It seems like the incidence of Lyme Disease (Borrelliosis) (LD) and other tick born infections continues to rise and are flourishing this autumn. I hear from clients about how their horses, dogs as well as themselves are just getting covered in ticks more than ever this season. Tick born diseases have been increasing in the northeast and throughout North America for more than two decades. In 1992, I published on one hundred horses that I diagnosed with Equine Lyme Disease based on my acupuncture physical evaluation. I correlated my clinical findings with the horses laboratory diagnostic tests, response to antibiotic treatment as well as their behavioral history. It seemed that there was about an 82% correlation of my physical examination with response to antibiotics and the laboratory tests. I have diagnosed hundreds of horses and dogs with Lyme disease since then in the past two decades. If left untreated it can cause severe debilitating disease and even death. If not treated appropriately and quickly, it is not uncommon to see it reoccur and become a chronic disease with potentially devastating consequences.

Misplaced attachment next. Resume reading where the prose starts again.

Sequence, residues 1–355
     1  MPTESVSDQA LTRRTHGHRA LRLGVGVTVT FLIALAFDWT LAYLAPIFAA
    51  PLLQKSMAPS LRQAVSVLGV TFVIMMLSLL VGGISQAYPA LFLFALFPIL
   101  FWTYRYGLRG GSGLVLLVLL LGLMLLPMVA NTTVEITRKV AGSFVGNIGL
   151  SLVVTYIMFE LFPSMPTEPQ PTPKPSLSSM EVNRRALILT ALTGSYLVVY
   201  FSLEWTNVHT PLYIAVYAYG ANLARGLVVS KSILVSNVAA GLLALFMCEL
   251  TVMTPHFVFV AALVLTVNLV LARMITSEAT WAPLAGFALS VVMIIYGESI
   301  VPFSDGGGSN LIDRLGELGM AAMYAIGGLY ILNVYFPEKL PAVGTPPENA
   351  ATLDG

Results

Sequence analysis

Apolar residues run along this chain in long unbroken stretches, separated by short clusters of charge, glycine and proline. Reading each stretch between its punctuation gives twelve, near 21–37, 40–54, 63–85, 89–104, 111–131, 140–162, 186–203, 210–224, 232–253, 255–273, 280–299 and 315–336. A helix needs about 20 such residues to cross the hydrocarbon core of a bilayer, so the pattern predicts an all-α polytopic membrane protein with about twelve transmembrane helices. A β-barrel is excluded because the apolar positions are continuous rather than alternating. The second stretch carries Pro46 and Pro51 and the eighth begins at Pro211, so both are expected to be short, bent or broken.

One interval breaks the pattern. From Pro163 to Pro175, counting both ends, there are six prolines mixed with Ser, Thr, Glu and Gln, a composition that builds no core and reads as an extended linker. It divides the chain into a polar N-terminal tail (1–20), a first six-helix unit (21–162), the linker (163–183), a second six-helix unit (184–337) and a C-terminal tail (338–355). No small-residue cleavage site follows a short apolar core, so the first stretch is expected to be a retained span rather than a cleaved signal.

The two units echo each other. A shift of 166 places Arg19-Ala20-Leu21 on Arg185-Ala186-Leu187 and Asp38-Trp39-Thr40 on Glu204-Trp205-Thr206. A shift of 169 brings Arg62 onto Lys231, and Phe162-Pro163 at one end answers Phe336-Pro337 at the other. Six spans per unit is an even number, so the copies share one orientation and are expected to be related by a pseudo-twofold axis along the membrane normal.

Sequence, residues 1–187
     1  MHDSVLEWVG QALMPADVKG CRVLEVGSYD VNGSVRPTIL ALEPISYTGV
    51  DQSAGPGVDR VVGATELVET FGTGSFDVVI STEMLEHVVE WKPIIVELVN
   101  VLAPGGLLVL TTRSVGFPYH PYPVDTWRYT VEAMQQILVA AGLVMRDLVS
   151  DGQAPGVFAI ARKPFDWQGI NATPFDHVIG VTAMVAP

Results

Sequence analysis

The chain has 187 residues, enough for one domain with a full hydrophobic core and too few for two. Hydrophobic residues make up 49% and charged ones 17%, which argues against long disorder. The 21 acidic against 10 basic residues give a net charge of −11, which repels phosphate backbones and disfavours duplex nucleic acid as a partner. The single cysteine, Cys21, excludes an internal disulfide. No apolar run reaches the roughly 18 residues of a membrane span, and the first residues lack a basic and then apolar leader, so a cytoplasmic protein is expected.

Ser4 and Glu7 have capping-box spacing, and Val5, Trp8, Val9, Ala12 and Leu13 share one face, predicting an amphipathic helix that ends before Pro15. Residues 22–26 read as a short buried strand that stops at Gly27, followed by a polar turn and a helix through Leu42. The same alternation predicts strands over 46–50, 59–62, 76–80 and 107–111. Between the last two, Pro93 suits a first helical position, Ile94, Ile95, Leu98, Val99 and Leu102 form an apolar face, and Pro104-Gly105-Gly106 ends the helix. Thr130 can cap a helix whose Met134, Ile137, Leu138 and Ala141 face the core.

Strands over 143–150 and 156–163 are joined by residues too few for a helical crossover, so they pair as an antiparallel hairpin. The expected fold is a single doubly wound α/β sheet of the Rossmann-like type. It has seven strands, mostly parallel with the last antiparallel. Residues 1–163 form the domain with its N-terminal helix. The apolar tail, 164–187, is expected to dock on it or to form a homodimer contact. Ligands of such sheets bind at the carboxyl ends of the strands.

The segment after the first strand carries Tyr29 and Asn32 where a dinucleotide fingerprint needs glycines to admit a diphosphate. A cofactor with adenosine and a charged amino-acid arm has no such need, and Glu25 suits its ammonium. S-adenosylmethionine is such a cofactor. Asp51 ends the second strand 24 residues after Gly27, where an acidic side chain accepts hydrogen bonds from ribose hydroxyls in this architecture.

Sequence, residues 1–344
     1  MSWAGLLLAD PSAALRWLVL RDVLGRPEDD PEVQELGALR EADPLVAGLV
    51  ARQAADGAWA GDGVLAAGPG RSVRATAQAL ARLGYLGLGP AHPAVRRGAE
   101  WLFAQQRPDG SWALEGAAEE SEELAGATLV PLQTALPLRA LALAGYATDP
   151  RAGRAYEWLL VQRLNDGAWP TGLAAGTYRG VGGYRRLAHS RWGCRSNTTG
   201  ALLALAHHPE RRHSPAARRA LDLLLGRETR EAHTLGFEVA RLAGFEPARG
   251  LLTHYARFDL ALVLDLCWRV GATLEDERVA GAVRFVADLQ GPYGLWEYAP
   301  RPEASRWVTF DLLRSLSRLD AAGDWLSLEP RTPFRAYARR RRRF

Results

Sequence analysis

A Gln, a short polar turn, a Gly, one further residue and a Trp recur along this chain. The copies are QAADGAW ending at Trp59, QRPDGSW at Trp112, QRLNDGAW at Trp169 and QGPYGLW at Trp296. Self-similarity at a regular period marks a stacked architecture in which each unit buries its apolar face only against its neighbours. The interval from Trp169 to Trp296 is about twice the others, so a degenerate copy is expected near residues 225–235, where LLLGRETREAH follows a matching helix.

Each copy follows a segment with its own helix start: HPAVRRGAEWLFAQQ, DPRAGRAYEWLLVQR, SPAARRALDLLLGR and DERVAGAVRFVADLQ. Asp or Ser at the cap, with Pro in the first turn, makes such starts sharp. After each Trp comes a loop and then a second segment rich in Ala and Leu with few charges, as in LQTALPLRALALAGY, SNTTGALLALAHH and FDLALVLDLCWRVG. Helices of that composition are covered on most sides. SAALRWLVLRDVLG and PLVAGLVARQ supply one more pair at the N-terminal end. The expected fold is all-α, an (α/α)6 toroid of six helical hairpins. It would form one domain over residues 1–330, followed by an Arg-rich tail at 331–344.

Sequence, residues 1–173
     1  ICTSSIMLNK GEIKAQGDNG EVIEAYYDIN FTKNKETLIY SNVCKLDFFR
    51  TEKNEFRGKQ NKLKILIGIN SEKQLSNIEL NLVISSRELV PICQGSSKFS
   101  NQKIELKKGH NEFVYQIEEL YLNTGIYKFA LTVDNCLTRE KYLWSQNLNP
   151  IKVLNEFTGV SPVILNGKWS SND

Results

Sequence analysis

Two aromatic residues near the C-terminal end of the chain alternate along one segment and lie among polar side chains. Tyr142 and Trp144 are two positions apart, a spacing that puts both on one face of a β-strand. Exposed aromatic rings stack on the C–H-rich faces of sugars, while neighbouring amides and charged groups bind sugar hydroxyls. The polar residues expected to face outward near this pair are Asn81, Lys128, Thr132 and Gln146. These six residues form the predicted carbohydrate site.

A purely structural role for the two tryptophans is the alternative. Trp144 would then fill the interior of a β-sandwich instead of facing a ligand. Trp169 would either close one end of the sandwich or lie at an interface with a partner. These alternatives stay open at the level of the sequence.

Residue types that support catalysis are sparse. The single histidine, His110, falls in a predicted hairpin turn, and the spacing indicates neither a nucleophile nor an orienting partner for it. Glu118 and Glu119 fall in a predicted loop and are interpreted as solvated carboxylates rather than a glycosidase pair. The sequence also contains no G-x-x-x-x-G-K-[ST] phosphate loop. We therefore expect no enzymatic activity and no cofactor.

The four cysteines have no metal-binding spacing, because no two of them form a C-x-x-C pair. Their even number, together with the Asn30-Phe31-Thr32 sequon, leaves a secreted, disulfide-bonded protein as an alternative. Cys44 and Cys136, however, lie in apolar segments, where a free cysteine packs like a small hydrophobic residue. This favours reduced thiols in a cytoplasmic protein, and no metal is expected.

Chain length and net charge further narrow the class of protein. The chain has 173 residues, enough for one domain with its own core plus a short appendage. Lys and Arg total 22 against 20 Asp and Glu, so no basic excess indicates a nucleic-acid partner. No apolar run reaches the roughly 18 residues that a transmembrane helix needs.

Lyme Disease can be ubiquitous and quite challenging to diagnose. It has commonly been termed “the great imitator” since it can mimic so many other common conditions. Whenever I lecture on LD, I state that it is both overdiagnosed and underdiagnosed. In the past, it had only been considered part of a differential diagnosis if classic signs such as an acute onset of swollen joints and a fever were evident. Clinically, I have found that it is not uncommon that the first signs may actually manifest as various sudden behavioral aberrations due to an immune mediated myofascial inflammatory reaction to the spirochaete. In horses, some of the first signs that my clients and I notice are a sudden reticence to being touched, groomed, being saddled up or ridden. The horses may occasionally become aggressive to people when being touched or handled in anyway. At this point, results from diagnostic blood tests may be negative since it is too early to develop a blood titer. Unfortunately, too many veterinarians still base their diagnosis solely on the blood tests (Elisa and Western Blot blood tests) despite the reminders by the laboratories that they are not definitively diagnostic. There is rarely one specific sign that is definitely diagnostic for just Lyme disease. I use a checklist of criteria to decide if I think Lyme disease may be the cause of the animals signs. (more…)